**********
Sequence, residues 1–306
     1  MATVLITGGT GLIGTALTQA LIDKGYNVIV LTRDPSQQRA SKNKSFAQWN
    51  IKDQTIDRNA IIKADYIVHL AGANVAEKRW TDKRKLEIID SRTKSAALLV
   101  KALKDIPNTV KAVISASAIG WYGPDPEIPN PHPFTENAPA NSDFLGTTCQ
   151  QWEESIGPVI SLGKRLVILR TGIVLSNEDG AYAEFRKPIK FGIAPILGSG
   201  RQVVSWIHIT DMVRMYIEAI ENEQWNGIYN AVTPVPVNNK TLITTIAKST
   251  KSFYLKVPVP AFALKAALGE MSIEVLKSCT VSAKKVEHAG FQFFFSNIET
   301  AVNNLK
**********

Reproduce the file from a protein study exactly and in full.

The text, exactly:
Sequence, residues 1–306
     1  MATVLITGGT GLIGTALTQA LIDKGYNVIV LTRDPSQQRA SKNKSFAQWN
    51  IKDQTIDRNA IIKADYIVHL AGANVAEKRW TDKRKLEIID SRTKSAALLV
   101  KALKDIPNTV KAVISASAIG WYGPDPEIPN PHPFTENAPA NSDFLGTTCQ
   151  QWEESIGPVI SLGKRLVILR TGIVLSNEDG AYAEFRKPIK FGIAPILGSG
   201  RQVVSWIHIT DMVRMYIEAI ENEQWNGIYN AVTPVPVNNK TLITTIAKST
   251  KSFYLKVPVP AFALKAALGE MSIEVLKSCT VSAKKVEHAG FQFFFSNIET
   301  AVNNLK